Schools Charged With Failing To Push Translation Program
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A $12 million translation and interpretation program for immigrant parents of public school children is being significantly underutilized because few school personnel or parents know about it, immigrant advocates said yesterday. School officials said the number of schools using the program is rising.
The advocates say the February expansion of the program, which funneled millions of dollars into schools and increased the interpretation and translation services available at the Department of Education’s central office, has been meaningless because the city has not done enough to inform school employees and parents about the services available.
“It’s just not happening anywhere on the ground level,” the director of Training and Outreach for Advocates for Children, Gisela Alvarez, said.
The director of the Translation and Interpretation Unit, Kleber Palma, said that during the first month of classes, 90 schools have contacted the unit, compared with 200 throughout all of last year.
“Our phones are ringing quite often now,” Mr. Palma said.
The advocate groups said they have monitored high school enrollment sites since the beginning of the school year. They found some that lacked translated versions of documents such as immunization announcements and medical requirements. They also said they interviewed seven parent coordinators and found they were “typically” unaware of the requirements to provide translation and interpretation services.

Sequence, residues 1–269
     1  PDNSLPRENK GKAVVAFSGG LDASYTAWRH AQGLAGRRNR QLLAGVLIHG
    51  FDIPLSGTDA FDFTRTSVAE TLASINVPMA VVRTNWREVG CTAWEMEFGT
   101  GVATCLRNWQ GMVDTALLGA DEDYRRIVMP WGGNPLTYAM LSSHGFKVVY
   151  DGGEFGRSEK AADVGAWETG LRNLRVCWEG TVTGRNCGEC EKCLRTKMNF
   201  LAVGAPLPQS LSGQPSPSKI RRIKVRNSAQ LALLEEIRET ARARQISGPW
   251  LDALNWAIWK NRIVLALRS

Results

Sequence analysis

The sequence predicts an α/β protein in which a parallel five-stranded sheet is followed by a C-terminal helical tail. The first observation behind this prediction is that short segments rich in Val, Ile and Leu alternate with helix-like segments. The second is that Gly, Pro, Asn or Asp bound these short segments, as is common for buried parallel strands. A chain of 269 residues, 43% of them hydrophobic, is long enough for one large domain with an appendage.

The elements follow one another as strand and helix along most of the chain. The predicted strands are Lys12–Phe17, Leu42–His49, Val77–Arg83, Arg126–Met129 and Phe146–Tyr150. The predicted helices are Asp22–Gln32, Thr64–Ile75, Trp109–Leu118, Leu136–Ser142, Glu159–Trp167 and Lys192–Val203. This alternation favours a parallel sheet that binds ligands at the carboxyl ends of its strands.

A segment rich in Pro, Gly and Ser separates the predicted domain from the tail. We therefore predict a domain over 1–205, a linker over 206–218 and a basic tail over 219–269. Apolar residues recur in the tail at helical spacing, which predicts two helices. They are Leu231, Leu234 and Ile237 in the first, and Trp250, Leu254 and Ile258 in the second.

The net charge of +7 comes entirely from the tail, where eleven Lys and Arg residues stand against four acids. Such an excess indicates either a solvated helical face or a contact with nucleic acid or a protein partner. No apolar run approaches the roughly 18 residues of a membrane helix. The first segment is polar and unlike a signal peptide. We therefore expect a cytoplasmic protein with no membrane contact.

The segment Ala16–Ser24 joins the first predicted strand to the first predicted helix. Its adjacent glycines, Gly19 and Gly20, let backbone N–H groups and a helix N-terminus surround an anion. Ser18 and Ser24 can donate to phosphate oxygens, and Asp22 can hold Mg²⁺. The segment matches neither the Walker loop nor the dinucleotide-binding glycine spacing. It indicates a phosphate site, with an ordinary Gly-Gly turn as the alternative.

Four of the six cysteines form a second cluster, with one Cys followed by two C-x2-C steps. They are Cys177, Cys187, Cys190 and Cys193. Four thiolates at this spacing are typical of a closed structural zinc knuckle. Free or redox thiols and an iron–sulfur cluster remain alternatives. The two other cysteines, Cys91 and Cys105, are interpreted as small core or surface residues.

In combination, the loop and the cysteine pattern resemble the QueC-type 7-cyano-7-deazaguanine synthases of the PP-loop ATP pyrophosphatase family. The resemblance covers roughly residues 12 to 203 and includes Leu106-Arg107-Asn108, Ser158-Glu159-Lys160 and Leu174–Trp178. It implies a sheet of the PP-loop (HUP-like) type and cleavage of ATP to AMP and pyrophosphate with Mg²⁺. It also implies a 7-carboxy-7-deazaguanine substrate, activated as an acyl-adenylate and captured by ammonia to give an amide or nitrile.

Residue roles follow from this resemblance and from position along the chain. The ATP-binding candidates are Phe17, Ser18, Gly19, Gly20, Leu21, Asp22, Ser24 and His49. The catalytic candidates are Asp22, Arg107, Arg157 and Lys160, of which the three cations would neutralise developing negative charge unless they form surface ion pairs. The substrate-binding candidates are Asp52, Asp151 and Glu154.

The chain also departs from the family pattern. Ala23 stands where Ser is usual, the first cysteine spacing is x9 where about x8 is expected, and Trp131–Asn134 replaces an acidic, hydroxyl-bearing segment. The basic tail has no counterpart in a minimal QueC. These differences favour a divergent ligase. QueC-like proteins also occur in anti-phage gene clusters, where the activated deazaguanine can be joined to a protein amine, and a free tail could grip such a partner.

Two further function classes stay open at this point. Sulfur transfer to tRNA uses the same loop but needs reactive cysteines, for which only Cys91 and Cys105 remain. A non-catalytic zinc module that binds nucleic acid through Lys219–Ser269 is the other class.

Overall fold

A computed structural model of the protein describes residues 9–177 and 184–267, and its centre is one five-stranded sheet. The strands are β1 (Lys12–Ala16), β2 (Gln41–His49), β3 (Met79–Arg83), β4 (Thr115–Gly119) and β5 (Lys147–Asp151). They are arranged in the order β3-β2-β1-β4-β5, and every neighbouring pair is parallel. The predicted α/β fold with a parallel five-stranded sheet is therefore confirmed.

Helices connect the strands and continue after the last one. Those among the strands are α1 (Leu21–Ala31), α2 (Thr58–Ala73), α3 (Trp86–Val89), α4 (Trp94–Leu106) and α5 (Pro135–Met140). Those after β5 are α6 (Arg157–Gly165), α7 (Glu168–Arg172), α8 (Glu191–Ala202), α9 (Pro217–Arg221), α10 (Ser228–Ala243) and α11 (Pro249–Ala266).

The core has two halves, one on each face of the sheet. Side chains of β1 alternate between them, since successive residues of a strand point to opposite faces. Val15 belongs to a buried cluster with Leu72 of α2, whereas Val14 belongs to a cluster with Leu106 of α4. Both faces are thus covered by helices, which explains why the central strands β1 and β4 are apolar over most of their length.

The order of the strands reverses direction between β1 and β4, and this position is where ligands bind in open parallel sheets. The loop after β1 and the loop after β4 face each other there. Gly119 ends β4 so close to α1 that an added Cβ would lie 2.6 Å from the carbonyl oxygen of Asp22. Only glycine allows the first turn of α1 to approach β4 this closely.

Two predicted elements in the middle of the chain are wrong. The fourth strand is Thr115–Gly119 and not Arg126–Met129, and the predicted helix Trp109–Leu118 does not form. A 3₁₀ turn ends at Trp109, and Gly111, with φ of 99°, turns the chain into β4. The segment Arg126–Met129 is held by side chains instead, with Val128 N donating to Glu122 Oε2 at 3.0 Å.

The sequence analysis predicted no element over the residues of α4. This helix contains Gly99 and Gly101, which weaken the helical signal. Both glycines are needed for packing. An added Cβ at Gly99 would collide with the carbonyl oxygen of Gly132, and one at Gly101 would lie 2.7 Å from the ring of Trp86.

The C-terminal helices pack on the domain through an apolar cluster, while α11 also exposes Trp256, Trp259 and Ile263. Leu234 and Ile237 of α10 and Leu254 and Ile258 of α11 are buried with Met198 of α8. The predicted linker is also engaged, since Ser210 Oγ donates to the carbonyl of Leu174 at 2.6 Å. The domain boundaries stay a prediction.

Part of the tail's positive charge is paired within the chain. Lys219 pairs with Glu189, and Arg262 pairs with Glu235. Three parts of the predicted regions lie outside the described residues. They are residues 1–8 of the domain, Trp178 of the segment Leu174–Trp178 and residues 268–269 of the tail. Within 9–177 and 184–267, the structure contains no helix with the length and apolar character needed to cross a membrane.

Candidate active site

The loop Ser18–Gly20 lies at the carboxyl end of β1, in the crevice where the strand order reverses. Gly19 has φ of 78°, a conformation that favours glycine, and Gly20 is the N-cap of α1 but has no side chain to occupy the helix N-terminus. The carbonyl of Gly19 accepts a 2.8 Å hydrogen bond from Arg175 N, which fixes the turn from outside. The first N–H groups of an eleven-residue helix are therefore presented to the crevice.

A Colombian immigrant who is a parent of a 16-year-old girl, Victoria Valencia, 45, said in a telephone interview that she was unaware of her right to a translator until she went to a meeting at the Latin American Integration Center, an advocacy group.
She said her daughter wants to transfer from Newtown High School for security reasons, but when Ms. Valencia went to the school office to ask about it, she says she was turned away because no one spoke Spanish. Her daughter has not attended school this year.
“In that situation, you feel bad,” Ms. Valencia said.”I don’t want to her to go to a school like that.”
In 2004, the city set up a central office that schools could call for interpreter services or to which they could send documents to be translated. In February, under pressure from immigrant advocates, the mayor agreed to expand the program after he had previously threatened to oppose an expansion, which he said violated state laws.
This year, the department has sent numerous letters to superintendents, parents and principals about the expanded program.
“Our efforts to provide language access to parents are unparalleled nationwide and fully comply with the Chancellor’s Regulation,” a schools spokeswoman, Kelly Devers, said, referring to the expanded requirements enacted by the city in February.